For the same reason, they share a visceral Russophobia, a soft spot for Chechen jihadists, and a commitment to NATO expansion. Both Wilsonians and neoconservatives are united in opposing democracy in postcommunist Eastern Europe, lest it produce governments that will base the recovery of their ravaged societies on the revival of the family, sovereign nationhood, and the Christian Faith. Inevitably, they have joined forces in creating and funding political parties and NGOs east of the Trieste-Stettin Line that promote the entire spectrum of postmodern isms that have atomized America and the rest of the West for the past four decades. From Bratislava to Bucharest to Belgrade, both present the embrace of deviancy, perversion, and morbidity as the litmus test of an aspirant’s “Western” clubbability. Ultimately, both sects share the Straussian dictum that the perpetual manipulation of hoi polloi by those in power is necessary because they need to be told what is good for them.
The essential similarity of Wilsonians and neoconservatives is undeniable. The inability of most patriotic, traditionalist Middle Americans to recognize that similarity and its implications is a problem. Many have no difficulty in recognizing the weirdness or evil of, say, Hillary Clinton, but they would be hard-pressed to detect identical traits in an equally radical sectarian who has morphed into a self-styled “conservative” of the Weekly Standard variety.
As Brian Mitchell notes in the conclusion to his book Eight Ways to Run the Country, the obvious disharmony between the genuine conservatism of ancient ideals—whether Anglo-American or orthodox Christian—and the ruthlessly new ideology of “democratic capitalism” embodied in Michael Ledeen’s Creative Destructionism is lost on the average “Red” American who votes Republican and watches FOX News:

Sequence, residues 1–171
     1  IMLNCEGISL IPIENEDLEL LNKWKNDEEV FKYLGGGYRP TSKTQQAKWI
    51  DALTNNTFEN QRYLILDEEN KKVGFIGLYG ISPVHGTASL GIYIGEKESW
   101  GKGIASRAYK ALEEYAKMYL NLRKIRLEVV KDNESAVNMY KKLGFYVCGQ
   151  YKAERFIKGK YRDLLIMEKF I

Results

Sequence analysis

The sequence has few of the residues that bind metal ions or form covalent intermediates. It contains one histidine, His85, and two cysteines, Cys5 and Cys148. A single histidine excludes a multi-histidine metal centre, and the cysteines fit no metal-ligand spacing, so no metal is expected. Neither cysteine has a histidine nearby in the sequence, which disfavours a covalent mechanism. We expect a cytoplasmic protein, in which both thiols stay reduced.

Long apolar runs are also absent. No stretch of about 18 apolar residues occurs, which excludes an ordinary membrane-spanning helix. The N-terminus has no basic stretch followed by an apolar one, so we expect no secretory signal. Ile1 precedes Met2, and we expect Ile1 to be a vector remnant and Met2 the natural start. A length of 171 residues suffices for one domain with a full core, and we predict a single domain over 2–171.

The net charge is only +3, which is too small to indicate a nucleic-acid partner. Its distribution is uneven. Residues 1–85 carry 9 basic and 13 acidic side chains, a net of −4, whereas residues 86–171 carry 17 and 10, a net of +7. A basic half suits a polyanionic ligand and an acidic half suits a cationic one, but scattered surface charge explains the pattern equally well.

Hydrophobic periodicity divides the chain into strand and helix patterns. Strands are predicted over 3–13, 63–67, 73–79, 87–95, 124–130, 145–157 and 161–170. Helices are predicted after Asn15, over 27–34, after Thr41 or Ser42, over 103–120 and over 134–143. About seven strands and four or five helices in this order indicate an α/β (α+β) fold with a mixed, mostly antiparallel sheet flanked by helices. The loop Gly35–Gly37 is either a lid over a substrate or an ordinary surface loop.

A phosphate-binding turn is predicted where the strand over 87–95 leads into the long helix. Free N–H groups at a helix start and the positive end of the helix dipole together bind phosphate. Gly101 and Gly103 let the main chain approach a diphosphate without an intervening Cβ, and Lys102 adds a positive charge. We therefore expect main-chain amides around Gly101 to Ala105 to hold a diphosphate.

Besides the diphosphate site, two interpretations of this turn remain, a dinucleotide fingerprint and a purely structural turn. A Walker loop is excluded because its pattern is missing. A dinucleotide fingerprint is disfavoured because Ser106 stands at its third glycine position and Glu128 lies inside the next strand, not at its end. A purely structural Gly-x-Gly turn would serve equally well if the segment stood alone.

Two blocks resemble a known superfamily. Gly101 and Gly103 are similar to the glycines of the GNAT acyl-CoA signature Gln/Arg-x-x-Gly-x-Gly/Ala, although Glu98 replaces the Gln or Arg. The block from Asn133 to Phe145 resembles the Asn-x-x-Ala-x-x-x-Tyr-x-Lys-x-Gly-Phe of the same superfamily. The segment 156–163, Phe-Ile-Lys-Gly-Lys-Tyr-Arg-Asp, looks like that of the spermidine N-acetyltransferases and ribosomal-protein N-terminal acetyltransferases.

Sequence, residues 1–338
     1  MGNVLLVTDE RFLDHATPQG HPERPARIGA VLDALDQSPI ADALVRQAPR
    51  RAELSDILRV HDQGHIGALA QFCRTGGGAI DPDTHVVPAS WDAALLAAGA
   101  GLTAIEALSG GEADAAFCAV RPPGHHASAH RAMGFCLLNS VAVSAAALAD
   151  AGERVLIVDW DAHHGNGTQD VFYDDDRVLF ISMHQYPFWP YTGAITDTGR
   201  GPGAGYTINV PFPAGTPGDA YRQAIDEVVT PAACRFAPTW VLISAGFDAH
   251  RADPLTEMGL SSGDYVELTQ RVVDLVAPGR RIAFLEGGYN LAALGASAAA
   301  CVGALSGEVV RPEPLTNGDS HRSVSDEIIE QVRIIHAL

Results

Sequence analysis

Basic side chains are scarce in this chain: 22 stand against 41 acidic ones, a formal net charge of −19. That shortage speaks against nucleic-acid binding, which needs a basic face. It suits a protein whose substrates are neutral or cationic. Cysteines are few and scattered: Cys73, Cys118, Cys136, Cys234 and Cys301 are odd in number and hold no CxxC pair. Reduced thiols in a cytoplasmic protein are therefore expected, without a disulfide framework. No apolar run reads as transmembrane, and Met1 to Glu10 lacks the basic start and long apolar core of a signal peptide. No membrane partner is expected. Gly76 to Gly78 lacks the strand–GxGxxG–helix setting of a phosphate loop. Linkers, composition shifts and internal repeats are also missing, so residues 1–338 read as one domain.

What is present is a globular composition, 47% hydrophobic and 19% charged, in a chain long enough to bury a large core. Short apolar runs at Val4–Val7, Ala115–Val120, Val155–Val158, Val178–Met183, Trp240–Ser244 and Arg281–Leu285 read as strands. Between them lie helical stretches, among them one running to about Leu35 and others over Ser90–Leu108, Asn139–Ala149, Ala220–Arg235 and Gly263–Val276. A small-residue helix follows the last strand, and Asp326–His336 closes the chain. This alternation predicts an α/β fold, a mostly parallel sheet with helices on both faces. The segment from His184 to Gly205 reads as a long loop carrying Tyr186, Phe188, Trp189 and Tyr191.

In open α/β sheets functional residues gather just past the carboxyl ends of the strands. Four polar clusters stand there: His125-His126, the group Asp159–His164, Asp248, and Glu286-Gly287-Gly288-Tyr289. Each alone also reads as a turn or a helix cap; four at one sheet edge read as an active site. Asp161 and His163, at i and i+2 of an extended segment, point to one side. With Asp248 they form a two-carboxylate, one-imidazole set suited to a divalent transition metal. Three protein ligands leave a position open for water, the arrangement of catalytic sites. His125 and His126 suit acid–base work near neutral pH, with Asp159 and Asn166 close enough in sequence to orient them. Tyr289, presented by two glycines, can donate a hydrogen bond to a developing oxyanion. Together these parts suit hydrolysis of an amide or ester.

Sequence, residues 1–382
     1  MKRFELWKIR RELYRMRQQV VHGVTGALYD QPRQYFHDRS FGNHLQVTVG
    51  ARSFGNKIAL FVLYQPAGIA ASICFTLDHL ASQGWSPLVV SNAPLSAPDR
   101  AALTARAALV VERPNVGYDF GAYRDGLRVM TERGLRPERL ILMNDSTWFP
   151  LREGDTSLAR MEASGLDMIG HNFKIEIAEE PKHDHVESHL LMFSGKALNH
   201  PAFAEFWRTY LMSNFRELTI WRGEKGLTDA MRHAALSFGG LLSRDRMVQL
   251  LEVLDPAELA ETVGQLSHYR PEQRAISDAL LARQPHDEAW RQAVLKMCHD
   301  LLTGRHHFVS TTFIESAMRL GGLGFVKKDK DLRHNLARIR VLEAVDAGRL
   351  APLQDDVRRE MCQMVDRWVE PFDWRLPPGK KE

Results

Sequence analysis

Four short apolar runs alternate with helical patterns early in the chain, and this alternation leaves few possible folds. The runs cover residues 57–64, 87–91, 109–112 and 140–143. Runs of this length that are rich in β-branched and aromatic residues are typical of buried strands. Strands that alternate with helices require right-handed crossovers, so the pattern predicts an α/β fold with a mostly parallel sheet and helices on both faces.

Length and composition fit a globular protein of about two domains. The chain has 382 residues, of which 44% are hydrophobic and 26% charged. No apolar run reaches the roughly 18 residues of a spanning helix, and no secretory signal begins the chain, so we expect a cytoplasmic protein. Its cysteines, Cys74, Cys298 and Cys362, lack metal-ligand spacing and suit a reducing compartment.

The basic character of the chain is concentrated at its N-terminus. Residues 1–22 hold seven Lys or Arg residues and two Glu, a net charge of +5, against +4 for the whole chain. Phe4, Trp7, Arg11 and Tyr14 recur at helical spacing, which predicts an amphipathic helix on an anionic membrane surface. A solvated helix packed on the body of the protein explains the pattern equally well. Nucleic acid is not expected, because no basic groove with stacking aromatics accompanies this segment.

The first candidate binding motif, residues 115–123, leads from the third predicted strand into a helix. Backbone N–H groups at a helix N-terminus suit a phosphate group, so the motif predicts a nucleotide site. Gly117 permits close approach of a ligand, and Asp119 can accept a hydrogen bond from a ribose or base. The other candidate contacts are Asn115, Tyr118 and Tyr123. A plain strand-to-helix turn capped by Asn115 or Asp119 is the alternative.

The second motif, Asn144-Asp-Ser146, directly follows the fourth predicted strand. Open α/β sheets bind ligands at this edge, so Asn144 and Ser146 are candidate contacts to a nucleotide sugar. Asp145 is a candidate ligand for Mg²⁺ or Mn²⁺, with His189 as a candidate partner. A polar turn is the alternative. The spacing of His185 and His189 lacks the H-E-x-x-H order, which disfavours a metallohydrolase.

It remains to be seen how far capitalism will carry us before social conservatives awake to its dangers. When free men are allowed to amass great fortunes from global rackets in gambling, pornography, prostitution, narcotics, weaponry, and usury, the permanent things can only expect short shrift. Ultimately, such unrestrained capitalism is on the side of our enslavers. In a thoroughly capitalist world, men will buy and sell each other. Only a power independent of the free market can save us from the slave market.
Historically, Mitchell notes, only two institutions have been up to the task: the institutions of nondemocratic governments that guard against accumulation of wealth outside government control, and a unified Christian Church whose wealth and power are committed to nonmarket purposes. “Democracy alone is no match for the market,” Mitchell concludes, “for democracy is itself a market, selling power to the highest bidder.” Indeed, democracy in America is a corrupt “democratic process” run by an elite class that conspires both to make secondary issues important and to treat important issues as either irrelevant or illegitimate: One party may be in; another, out; but the regime is in power permanently.
The global power of the Wilsonian-neoconservative regime is unlikely to be broken incrementally by an America gradually coming to her senses. It will indeed be broken, but the price will be paid in Middle American blood and treasure. We cannot know when and how this will happen—but happen, it will. We cannot know what will be the theme of after-dinner discussions a hundred years hence, but we do know it will not be the global grandeur of the liberal-democratic-capitalist Pax Americana.